The NI Water "incident" team are working 24/7 from the organisation's headquarters at Bretland House in Belfast. And it's planned that they will be on duty right throughout July because the Met Office, whose forecasts are vitally important to NI Water, see no end in sight to the current dry spell.
Gary says: "Our team monitor water flows and consumption levels and make strategic decisions about how to move forward."
Many members of the 20-strong team have, like Gary, been re-assigned to new secondary responsibilities away from their day jobs.
NI Water, which is in the midst of a huge capital investment programme to improve their mains and treatment works, have appealed to people to restrict their use of water and to stop young people vandalising fire hydrants in their districts.
"It might seem like a bit fun to see youngsters playing in the gushing water but that's not the case. If a hydrant is running for an hour, that's equivalent to the consumption for a household for two days," says Gary.
"The pressure can also drop away down and people will not be able to use their toilets, or showers, because the hydrant is running, and the worst-case scenario is that, if there's a fire in the area, the Fire Service might not be able to get sufficient water out of the mains."
There are indications, however, that the NI Water strategy on conserving supplies across Northern Ireland is paying off, but no one is getting carried away.
"At one point, the increased demand due to the very dry weather was about 30% above normal, but it has gradually reduced to about 20%," says Gary, who attributes the decrease to the hosepipe ban and to the co-operation of consumers cutting back on their use of water.
It's estimated, incidentally, that only 1% of treated water here is actually drunk by householders. The rest is used for toilets and showers and for watering the garden.
However, NI Water says, while the improvements are welcome, there are still areas where problems with supplies and low pressure exist, and tankers are being used to transport water to them.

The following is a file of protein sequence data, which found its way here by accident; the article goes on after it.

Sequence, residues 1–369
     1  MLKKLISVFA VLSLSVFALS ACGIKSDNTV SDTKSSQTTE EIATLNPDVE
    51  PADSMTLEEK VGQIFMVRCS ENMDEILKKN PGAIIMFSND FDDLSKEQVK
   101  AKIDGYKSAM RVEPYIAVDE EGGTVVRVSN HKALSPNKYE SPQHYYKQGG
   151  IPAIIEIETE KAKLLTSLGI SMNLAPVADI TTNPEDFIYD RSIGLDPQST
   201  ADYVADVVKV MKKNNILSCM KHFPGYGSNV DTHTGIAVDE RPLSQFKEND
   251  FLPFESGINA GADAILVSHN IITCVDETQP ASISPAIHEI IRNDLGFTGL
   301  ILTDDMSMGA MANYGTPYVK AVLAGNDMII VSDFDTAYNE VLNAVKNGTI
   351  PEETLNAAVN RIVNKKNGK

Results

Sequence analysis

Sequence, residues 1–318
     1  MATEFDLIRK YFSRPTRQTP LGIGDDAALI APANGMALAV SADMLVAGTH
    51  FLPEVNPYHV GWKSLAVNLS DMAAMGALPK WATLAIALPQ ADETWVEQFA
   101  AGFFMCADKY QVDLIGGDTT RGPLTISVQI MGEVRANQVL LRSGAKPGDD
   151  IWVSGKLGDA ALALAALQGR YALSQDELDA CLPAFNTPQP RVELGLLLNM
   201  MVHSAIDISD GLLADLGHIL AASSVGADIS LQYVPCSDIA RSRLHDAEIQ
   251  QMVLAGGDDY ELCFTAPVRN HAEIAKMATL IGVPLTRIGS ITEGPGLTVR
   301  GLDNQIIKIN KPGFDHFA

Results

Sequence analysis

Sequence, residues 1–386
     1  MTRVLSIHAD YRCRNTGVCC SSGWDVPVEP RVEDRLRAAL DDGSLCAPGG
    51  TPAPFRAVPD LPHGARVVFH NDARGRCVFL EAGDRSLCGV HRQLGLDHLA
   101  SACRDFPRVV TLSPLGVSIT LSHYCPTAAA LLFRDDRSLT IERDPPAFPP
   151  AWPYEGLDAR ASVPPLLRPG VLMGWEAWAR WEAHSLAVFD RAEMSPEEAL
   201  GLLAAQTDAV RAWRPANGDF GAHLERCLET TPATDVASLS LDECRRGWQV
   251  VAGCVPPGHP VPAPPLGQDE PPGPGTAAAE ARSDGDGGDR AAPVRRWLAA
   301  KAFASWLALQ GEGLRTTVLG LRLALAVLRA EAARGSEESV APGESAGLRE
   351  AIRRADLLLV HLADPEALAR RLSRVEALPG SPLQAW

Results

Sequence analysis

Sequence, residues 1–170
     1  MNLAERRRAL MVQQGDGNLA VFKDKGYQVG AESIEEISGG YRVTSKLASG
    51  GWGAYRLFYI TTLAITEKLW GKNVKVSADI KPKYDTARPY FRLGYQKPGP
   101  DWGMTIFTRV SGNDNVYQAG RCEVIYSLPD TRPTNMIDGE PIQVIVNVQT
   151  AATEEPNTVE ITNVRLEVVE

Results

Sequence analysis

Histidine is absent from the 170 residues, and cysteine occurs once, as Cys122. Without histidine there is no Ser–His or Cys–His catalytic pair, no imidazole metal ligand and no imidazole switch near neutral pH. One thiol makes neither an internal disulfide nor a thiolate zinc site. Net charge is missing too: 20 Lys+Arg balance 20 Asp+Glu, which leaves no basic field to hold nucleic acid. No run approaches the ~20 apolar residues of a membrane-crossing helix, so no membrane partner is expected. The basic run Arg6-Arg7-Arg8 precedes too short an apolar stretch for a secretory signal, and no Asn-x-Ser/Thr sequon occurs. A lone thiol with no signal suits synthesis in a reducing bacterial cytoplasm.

The last time there was a spell of dry weather like the current one was back in 1995, when a hosepipe ban was also introduced.
Gary Curran says NI Water staff have come across people who are ignoring the latest hosepipe ban, but no £1,000 fines have been imposed - so far.
"We are trying to use persuasion in the first instance, asking consumers if they understand the implications of them using their hosepipes," Gary says.
"We want gardeners to act responsibly - just as we are asking people to take showers instead of baths - and shorter showers at that."
The longer the dry spell goes on, the more pessimists believe that water restrictions will be introduced.
But Gary adds: "That is not inevitable. But, potentially, it is something we may look at. But, by trying to maximise the outputs from other sources, Lough Neagh primarily, we are trying to mitigate the need to put on more stringent restrictions."
If push comes to shove, bringing in water tankers from Britain could be a last - and costly - resort, but the authorities across the, er, water would be just as likely to be facing similar shortages as their counterparts in Northern Ireland.
Back at Swanston Drive, Paul Doherty, who's NI Water's repair and maintenance manager for north Belfast, says responses to emergencies involving leaks and bursts in residential districts don't usually encounter too many major problems.
But he adds: "They're more complicated in the city centre because we have to go for traffic permits to get road closures and we often can't get into many of the sites.
"There's a lot of background and planning work that needs to be done."
It's thought that, if the present weather persists, the strain on water supplies could be on a par with, if not worse than, 1995. But the year 2010 was even more of a nightmare for NI Water - for very different reasons.
For that was the year of the freeze/thaw which held Northern Ireland in its grip after heavy, sustained snow showers over Christmas and which caused water pipes to burst, reservoirs to run dry and supplies to be cut off to 450,000 people.
NI Water was heavily criticised by the public as well as the Utility Regulator over their handling of what was generally regarded as a crisis - not an "incident".